How to add non-Steam games on Steam Deck

Joel Loynds
add non-steam games to the steam deck, ea and ubisoft logos below

Want to get access to your non-Steam game library on your Steam Deck? There is a way, and this guide will help you through the process.

The Steam Deck has been a huge success for Valve, launching an explosion in the popularity of handheld gaming devices, and giving people the ability to play AAA games no matter where they are.

At its heart, the Steam Deck is a gaming PC in a small form factor, loaded with Linux and pre-configured for compatibility with SteamOS and Proton. The use of Linux means that the device is open to all manner of clever tinkering. This means that modders can take advantage of the robust specs and Linux-based OS to get more out of the portable system – including adding non-Steam games to the Steam Deck.

There are a range of options available, such as adding games from your Epic or GOG library or installing a gaming emulator such as RetroArch. Alternatively, there are standalone launchers like Heroic or EmuDeck.

A range of options become open to you if you read our guide and follow the steps, from preparing your microSD card to configuring the controls and integrating SteamOS.

How to put non-Steam applications on the Steam Deck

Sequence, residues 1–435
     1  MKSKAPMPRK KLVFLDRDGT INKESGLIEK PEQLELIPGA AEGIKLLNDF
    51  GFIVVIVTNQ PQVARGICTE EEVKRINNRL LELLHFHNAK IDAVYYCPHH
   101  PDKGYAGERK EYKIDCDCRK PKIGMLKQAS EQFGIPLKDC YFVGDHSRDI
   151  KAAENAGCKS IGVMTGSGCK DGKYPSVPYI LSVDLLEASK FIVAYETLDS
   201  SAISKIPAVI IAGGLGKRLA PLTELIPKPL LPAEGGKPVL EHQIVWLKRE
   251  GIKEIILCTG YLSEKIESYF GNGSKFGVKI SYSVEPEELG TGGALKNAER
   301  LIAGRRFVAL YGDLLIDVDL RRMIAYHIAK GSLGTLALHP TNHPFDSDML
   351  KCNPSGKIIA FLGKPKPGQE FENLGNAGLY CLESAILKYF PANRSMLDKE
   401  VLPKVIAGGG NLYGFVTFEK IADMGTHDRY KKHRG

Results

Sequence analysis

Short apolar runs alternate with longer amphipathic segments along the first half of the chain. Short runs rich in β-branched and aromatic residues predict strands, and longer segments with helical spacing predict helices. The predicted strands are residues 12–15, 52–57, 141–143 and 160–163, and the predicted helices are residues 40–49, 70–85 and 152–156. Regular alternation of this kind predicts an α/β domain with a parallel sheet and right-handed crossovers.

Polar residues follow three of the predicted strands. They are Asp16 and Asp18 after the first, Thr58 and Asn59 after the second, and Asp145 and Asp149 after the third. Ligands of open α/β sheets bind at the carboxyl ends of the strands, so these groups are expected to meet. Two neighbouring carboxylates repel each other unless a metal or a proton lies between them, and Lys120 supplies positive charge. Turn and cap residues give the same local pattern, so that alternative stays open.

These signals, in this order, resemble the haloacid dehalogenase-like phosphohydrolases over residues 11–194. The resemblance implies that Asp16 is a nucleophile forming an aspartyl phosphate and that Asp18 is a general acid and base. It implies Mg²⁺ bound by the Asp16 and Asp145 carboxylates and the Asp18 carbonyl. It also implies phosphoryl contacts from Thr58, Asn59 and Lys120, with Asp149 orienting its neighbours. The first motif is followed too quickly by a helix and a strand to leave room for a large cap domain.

First, we need to enter Desktop Mode. Press the Steam button, and go to Power. The menu comes up, choose Desktop Mode. You’ll have a quick blip and be booted into the desktop environment.

Once you’ve downloaded your games from Good Old Games or the Epic Store,, or wherever else you might acquire video games from, open up Steam.

In the bottom corner of the app, there’s a plus sign button and it’ll give you the option to add a non-Steam game to your library. It’ll open a window for you to search for your games. Ensure you know where you’re looking before heading into this, as Linux isn’t as simple to find files as Windows.

If you’ve installed a game from an outside platform onto other storage, like an SD card, for instance, you’ll need to head into run/media/mmcblk0p1.

Make sure you also select from the file browser drop-down menu to include All Files, as by default it looks for Linux-only apps.

Once you’ve found your game’s executable file (this will still be a .exe file), add it to the library and we can move on.

Turn on Proton compatibility

Before launching the game, be sure to make it work with Proton. To do so, click the game in the library, and click the settings gear icon. Choose “Properties” and then “Compatibility”. Choose which Proton version you want – Experimental or the latest full release is recommended.

Re-enter gaming mode and your new, non-Steam game should boot up as normal on your Steam Deck.

Looking for more Steam Deck guides? We have you covered with our ultimate starter guide.